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Catching Up and Academic Institutions: A Comparative Study of Past National Experiences

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  • Roberto Mazzoleni

Abstract

The universities' role in economic development is again today an important focus of debate. While policy in developing countries often aims at reproducing advanced economies' institutions, recent research on national systems of innovation frames the hypothesis that the catching up process is marked by changes in the contribution of academic institutions to the development of firm-level capabilities. This paper argues in favour of this hypothesis. Drawing from the history of successful national catching up processes, it identifies important similarities across countries despite variations in historical context and local conditions. Each country struggled to achieve an effective integration of academic institutions into the industrial development process. This task was particularly difficult when industry needs were poorly articulated or neglected by the evolution of educational curricula.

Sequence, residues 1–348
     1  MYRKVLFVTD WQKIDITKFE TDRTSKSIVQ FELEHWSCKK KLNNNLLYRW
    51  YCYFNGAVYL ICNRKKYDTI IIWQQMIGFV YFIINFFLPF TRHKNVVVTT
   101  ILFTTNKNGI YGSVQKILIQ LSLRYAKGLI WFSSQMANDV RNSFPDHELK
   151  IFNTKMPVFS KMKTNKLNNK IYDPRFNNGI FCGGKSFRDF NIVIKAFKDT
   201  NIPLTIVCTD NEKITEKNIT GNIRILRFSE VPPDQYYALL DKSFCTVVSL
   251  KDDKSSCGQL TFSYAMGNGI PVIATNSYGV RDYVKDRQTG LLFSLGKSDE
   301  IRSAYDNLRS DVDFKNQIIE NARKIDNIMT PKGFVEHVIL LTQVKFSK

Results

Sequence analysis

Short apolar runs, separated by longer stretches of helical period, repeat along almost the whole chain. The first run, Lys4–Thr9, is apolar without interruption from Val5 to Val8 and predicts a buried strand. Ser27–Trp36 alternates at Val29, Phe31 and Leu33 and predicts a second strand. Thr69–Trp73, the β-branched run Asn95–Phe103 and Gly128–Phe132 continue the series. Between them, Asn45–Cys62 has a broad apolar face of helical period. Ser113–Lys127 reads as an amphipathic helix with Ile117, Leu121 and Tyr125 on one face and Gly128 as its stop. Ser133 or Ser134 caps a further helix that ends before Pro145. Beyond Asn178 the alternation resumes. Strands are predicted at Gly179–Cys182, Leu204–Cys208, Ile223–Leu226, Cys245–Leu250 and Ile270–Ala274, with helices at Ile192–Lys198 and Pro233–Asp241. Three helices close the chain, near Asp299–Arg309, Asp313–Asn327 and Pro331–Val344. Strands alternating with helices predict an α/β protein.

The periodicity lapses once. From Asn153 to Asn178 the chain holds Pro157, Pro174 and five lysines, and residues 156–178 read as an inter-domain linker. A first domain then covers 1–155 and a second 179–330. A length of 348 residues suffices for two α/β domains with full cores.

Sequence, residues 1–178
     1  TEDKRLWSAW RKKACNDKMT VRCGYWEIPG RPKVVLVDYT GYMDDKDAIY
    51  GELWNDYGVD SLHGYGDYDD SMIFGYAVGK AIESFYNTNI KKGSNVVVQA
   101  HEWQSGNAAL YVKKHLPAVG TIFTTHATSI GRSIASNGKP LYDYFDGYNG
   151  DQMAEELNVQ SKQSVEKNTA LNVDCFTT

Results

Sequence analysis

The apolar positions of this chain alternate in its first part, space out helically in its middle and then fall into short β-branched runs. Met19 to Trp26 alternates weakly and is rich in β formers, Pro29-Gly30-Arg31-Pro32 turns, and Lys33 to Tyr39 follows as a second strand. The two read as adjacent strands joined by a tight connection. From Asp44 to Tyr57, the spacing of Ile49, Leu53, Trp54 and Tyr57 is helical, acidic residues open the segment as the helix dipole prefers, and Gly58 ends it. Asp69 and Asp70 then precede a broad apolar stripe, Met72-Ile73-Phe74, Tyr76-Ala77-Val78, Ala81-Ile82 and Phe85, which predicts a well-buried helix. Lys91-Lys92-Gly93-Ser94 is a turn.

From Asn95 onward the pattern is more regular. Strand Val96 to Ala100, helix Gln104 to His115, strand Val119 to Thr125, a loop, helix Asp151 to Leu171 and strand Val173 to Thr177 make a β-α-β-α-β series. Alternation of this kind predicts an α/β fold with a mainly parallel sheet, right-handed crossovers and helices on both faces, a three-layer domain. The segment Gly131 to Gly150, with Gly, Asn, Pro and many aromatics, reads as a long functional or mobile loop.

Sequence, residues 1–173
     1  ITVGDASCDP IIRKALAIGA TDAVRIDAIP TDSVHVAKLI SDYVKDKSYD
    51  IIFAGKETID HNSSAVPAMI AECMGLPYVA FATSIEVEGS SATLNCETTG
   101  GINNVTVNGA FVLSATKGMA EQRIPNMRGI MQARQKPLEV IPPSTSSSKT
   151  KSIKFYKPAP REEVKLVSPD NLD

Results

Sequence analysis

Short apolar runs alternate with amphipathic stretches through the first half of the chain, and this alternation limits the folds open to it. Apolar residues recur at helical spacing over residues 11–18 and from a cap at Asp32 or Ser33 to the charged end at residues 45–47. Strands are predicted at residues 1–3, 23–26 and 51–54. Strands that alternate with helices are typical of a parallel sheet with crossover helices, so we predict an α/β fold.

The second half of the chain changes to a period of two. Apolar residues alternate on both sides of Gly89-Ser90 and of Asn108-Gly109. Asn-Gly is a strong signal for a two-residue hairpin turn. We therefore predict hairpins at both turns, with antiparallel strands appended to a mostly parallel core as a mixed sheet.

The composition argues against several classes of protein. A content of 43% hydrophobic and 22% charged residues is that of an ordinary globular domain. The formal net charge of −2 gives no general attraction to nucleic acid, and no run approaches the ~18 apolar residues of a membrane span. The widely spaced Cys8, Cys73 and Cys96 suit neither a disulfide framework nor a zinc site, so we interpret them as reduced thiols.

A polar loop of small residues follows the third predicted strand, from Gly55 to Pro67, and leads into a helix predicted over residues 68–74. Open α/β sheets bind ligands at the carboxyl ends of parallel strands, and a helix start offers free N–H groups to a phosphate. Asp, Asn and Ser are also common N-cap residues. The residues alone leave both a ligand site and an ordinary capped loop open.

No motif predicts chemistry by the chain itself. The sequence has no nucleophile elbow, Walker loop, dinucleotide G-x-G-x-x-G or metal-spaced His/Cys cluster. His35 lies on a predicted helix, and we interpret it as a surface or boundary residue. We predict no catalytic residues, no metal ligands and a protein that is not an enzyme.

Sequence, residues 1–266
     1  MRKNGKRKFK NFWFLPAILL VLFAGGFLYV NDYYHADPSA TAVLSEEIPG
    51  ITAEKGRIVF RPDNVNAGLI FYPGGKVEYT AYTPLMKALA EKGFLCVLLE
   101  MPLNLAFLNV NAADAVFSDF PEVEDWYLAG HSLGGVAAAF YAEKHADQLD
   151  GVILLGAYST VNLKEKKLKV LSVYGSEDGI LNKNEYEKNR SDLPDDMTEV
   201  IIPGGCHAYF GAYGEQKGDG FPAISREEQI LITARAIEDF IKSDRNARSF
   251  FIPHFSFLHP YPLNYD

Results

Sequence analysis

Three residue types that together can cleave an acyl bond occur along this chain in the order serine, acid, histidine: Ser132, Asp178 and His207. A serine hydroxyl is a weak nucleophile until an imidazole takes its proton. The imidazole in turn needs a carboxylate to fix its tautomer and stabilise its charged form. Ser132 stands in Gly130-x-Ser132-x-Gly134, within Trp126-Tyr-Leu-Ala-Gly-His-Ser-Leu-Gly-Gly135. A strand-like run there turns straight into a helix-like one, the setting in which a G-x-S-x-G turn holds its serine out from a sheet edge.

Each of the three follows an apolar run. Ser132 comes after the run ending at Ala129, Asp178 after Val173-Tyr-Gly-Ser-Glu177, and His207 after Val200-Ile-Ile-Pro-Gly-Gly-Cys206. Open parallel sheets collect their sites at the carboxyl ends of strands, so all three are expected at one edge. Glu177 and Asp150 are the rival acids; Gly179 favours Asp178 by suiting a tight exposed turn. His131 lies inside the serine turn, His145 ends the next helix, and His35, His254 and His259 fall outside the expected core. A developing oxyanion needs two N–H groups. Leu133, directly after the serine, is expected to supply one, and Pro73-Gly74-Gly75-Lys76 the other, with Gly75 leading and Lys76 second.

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File URL: http://www.tandfonline.com/doi/abs/10.1080/00220380802009175
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Bibliographic Info

Article provided by Taylor & Francis Journals in its journal Journal of Development Studies.

Volume (Year): 44 (2008)
Issue (Month): 5 ()
Pages: 678-700

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Handle: RePEc:taf:jdevst:v:44:y:2008:i:5:p:678-700

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Cited by:
  1. Asongu, Simplice A, 2013. "On the Obituary of Scientific Knowledge Monopoly," MPRA Paper 52207, University Library of Munich, Germany.
  2. Bodas Freitas, Isabel Maria & Marques, Rosane Argou & Silva, Evando Mirra de Paula e, 2013. "University–industry collaboration and innovation in emergent and mature industries in new industrialized countries," Research Policy, Elsevier, vol. 42(2), pages 443-453.
  3. Glenda Kruss, 2012. "Channels of interaction in health biotechnology networks in South Africa: who benefits and how?," International Journal of Technological Learning, Innovation and Development, Inderscience Enterprises Ltd, vol. 5(1/2), pages 204-220.
  4. Asongu, Simplice A, 2013. "A brief future of Time in the monopoly of scientific knowledge," MPRA Paper 46959, University Library of Munich, Germany.

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